My initial veganism came about somewhat randomly, at least from the outside. Contrary to what I told my mother at the time, other than mild lactose intolerance, I had no real health issues that pushed me toward veganism (sorry, Mom). I didn’t know any vegans, at least not personally. I knew they existed, knew what the word meant, and met a few who identified as such here and there, but my life was filled with meat-and-potatoes people, and that was just fine by me. Nor was I overcome by any great and profound love of animals. I spent the first five years of my life in the country, surrounded by cornfields and cattle pastures. Raising animals for food was as native a concept for me as speaking English.

No, the whole situation was much more cerebral than that – a simple set of philosophical connections that lead to what felt like an equally simple conclusion. I was wrestling with a lot of philosophical and ethical concepts back then (I think we all do, in our twenties). How do we relate to one another as humans, how do we interact with and take care of our environment, and on what basis do we make those decisions. Looking back, I can see clear paths – all that thinking lead me to start really writing seriously. It lead me, eventually, to atheism, to a divorce, to Southern California (all things I consider very good, by the way), to choosing an artist’s path. But first, it lead me to veganism.

As I recall, it began with the idea farming had evolved significantly in the 20 years since I’d left the cornfields, and not necessarily for the better. That maybe the way we treat animals isn’t that awesome – especially the ones we raise for food. And that that mistreatment might not be good for us, bodies or souls. I went out and got a book (Vegan, the New Ethics of Eating, by Eric Marcus), read it, and promptly became a vegan. Literally within a matter of hours. It was, I felt, the only ethical option.

I was vegan for close to 10 years… I’ve lost track of when I started, but I do know when I stopped. All those things I mentioned before? The atheism, the divorce, the moving? They came with a massive ton of chaos, and in the midst of it all, I just gave up. And then I found out I had celiac, and it seemed impossible that I would ever return to veganism again.

Then recently, I started thinking again. About how we relate to each other as humans, how we interact with and take care of our environment, on what basis we make those decisions. And the thing is, eating animals and animal products? Those acts make me into someone I don’t want to be.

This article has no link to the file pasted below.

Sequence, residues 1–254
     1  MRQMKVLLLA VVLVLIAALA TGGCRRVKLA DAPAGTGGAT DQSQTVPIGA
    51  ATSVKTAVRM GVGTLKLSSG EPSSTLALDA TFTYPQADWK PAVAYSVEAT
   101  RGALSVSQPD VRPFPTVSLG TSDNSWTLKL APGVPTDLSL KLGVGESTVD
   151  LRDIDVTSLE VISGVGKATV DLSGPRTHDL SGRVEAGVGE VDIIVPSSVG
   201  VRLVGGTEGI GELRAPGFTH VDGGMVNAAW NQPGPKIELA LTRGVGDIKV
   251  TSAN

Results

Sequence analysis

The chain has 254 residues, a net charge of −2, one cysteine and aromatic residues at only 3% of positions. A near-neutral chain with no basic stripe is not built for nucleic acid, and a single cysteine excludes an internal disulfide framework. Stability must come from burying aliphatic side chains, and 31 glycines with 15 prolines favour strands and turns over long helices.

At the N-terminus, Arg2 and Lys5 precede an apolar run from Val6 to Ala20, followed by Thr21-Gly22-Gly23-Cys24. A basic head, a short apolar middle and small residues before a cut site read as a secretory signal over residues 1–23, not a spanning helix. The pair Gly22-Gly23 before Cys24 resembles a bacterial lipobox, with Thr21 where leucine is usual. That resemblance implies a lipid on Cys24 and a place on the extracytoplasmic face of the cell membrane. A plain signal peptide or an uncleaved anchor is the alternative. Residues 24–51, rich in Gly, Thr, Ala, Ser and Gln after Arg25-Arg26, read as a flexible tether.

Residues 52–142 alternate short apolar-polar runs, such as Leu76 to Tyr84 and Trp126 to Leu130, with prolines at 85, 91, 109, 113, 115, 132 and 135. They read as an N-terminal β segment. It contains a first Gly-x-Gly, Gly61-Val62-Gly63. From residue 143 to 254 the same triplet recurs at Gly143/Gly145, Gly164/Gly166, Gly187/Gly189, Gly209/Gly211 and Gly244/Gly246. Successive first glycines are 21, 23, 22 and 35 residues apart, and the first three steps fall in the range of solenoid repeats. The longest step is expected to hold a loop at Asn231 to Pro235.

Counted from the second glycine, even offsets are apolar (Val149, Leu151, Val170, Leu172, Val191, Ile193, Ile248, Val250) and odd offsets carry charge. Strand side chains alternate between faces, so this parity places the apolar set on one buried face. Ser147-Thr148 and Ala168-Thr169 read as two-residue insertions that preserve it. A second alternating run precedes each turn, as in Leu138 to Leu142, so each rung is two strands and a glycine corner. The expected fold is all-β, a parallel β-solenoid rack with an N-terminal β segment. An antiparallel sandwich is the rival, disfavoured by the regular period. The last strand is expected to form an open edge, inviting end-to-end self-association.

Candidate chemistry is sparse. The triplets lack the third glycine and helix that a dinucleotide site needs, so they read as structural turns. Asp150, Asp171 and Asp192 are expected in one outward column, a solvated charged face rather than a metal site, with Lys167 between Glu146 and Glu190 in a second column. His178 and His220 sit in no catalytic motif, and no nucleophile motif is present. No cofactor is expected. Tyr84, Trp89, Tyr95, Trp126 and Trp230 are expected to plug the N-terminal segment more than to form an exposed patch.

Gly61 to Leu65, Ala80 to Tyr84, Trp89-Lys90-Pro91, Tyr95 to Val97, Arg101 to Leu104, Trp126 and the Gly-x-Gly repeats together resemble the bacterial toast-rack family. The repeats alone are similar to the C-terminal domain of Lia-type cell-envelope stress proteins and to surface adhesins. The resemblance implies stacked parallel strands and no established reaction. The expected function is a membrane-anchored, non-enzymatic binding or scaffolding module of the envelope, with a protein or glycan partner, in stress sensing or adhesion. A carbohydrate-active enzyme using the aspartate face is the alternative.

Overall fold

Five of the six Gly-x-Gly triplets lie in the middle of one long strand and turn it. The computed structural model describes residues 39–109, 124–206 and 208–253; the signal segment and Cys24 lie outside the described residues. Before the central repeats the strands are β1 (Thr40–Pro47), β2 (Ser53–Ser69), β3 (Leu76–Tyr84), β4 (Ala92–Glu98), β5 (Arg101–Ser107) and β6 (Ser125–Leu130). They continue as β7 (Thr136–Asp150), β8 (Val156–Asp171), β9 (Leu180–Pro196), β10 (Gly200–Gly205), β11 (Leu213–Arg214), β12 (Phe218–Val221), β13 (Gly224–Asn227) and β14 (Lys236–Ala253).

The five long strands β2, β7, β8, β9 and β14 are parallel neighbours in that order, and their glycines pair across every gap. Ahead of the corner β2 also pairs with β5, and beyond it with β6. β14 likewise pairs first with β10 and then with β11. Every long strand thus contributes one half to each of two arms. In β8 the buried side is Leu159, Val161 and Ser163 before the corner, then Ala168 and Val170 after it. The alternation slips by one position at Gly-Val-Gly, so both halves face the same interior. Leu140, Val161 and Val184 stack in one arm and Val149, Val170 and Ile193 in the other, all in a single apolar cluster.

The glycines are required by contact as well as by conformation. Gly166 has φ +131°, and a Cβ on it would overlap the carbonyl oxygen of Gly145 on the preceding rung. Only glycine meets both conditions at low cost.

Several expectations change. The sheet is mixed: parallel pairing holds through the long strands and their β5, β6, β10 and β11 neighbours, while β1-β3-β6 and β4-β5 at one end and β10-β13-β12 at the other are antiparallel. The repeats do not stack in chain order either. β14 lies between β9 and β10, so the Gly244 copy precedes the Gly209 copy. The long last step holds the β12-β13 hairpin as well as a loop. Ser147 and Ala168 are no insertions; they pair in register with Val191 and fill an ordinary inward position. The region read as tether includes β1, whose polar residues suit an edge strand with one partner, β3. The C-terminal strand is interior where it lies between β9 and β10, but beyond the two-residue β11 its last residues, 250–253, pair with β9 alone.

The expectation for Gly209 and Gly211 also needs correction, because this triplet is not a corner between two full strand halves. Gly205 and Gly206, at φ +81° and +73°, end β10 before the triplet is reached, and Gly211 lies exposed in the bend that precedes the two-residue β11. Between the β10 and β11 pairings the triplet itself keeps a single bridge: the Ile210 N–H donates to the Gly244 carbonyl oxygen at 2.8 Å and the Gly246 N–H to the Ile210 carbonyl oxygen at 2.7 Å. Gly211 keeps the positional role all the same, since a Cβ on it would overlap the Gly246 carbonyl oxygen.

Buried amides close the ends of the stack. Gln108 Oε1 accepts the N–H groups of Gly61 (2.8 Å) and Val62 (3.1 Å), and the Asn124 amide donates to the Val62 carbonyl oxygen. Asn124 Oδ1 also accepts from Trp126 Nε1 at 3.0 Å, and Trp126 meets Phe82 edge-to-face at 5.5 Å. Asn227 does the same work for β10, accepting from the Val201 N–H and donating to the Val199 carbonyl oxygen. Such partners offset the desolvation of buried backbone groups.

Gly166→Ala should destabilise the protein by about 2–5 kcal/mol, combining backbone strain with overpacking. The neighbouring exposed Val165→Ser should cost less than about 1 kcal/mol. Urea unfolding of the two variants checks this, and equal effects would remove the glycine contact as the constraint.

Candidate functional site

I don’t want to be part of the suffering of millions of animals. I don’t want anything to do with the exploitation of thousands of workers. I’m not interested in participating in a system that hijacks a basic need – food – and turns it into something that actively, intentionally, keeps our most vulnerable people sick and disabled.

The flip side of that is that veganism has always made me better. It forces me to take care of myself, to be more independent, more discerning. It’s brought adventure and exploration, amazing conversation and deeper relationships. It’s brought physical health and mental well-being.

Being vegan – facing up to the way our food is produced, how it’s marketed to us, the implications of choosing to actively, wastefully exploit and kill other living beings – it’s the definition of uncomfortable. It’s not easy to choose differently in a culture that equates food with love, that worships culinary decadence, and actively, legally punishes anyone who suggests otherwise. But I can’t pretend I don’t know. I can’t pretend I don’t care.

And after all, a little discomfort is good for the soul.

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Day 3 of 365

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The Purpose of a Gun

I made a statement about guns yesterday, which was a little out of sync with the rest of that post, and I said that I would revisit it. Today’s just as good as any to do that, although me being who I am and guns being what they are, this will probably come up more than once in the next year.

Let me start by restating what I said yesterday:

The fundamental purpose of a gun is to take a life. All use of this tool must flow from a deep understanding of that fundamental purpose.

There are people that will argue with me on this point. I don’t know that I know any of those people directly, but just in case, let me follow up: You may use your gun for something other than killing humans. You may not even kill animals with it. You can say “guns don’t kill people, people kill people.” You may feel confident enough in your ability to use your gun that you believe you would only use it to warn someone, or hurt someone, but never to kill them, and only in the most extreme of circumstances. Good for you. That is not the purpose of a gun.